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Thursday, July 19, 2012

One Word, 3 Meanings


Depending on the language, saba can mean any of three different things. In Italian, saba refers to reduced grape must, a by product of wine production that can be used as a sauce or a condiment. 

In Japanese, saba is the word for mackerel, one of the prized "oily" fishes in Japanese cooking. To accentuate the flavor, it's usually marinated first in vinegar.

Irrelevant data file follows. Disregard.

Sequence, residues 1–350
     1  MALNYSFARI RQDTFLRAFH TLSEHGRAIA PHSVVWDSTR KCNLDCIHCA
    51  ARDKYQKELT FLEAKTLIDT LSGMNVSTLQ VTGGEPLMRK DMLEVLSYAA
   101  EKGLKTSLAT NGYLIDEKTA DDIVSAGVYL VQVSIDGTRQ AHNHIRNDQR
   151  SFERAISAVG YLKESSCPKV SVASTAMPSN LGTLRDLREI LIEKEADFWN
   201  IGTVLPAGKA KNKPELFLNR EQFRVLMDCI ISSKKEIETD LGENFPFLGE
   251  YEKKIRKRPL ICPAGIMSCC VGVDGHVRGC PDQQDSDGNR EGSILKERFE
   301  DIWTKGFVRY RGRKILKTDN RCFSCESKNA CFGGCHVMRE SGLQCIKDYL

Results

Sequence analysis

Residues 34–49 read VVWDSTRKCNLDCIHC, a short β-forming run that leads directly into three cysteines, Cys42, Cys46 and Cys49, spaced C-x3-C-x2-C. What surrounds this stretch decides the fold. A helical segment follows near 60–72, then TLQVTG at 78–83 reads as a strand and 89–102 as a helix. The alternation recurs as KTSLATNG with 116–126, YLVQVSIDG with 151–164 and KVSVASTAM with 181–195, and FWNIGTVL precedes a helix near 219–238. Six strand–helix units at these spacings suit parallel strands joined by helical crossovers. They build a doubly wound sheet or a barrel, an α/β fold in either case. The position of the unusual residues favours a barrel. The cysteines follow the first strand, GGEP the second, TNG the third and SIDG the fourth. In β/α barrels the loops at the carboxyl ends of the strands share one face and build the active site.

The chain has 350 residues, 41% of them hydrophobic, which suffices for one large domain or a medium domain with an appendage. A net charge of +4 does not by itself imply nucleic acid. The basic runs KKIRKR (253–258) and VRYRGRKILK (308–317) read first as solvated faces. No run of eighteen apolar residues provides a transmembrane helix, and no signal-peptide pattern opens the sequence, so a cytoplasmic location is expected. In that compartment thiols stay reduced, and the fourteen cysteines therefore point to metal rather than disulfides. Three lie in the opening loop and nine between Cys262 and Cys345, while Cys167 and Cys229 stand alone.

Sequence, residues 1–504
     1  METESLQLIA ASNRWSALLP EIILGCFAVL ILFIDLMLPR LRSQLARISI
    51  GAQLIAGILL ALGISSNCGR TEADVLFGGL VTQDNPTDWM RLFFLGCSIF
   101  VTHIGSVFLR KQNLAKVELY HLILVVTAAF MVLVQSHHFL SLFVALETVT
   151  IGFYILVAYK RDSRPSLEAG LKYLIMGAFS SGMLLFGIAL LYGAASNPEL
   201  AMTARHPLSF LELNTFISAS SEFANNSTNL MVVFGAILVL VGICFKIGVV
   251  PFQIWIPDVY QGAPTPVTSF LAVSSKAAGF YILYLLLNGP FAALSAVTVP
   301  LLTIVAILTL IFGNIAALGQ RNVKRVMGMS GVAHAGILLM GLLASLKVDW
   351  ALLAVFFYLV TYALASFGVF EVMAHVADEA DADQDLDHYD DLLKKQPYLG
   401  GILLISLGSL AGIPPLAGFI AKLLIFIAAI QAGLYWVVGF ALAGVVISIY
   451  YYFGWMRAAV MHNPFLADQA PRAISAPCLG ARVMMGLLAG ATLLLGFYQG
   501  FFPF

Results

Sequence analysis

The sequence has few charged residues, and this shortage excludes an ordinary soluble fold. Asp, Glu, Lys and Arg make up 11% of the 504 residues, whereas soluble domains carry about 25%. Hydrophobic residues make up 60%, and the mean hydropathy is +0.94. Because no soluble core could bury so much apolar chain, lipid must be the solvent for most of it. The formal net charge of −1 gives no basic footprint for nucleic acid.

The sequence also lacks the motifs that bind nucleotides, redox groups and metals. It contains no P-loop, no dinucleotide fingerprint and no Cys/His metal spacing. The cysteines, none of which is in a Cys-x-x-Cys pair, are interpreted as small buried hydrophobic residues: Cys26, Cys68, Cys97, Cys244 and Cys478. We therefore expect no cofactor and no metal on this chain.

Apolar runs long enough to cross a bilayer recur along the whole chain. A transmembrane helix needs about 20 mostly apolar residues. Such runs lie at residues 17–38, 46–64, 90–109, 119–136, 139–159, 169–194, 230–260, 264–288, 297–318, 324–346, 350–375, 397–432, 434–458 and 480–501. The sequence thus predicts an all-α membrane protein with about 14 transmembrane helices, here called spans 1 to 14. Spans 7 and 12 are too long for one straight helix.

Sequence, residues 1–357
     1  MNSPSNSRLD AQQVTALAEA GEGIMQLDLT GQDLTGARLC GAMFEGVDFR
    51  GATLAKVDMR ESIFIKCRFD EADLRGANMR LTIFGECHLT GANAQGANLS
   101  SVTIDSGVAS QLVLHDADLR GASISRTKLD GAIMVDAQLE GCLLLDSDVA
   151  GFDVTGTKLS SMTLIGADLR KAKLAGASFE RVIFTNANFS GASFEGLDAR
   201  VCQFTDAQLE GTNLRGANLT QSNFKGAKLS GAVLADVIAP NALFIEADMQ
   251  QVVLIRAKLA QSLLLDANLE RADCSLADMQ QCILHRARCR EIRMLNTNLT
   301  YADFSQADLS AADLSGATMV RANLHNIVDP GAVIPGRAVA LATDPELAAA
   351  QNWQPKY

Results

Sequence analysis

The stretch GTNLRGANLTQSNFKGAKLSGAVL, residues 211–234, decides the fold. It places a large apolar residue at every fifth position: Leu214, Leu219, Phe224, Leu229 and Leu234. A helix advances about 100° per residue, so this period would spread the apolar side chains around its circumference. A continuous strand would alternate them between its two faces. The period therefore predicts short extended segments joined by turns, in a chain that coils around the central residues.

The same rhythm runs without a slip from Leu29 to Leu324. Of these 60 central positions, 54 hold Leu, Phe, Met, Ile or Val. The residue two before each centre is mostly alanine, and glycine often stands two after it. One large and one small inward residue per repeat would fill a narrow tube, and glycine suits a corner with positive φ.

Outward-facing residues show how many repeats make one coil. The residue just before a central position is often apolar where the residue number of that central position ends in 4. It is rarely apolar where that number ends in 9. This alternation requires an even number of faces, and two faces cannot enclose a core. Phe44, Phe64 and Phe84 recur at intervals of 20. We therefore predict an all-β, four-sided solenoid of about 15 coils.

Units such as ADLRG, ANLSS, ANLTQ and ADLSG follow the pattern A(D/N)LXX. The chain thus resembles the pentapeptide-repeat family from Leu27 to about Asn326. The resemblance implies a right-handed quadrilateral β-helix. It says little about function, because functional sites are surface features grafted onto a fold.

Ok, not really mackerel - this is boquerones (anchovies) nigiri maki from Uchi Houston, but it's a similar presentation for mackerel. 
And then, there's the fruit - saba refers to a variety of edible banana endemic to Philippines. Seldom eaten raw, it's a cooking variety. Like the plantain, it has different properties when cooked unripe or ripe. 

The saba banana. Note the stubby, squared off look. 

Stacks of saba bananas ready for market. 

Deep fried saba bananas. Subtly sweet, somewhat starchy with a lemony finish, the saba banana has a distinctive and delicious flavor of its own, and is an important staple fruit for Filipinos. 

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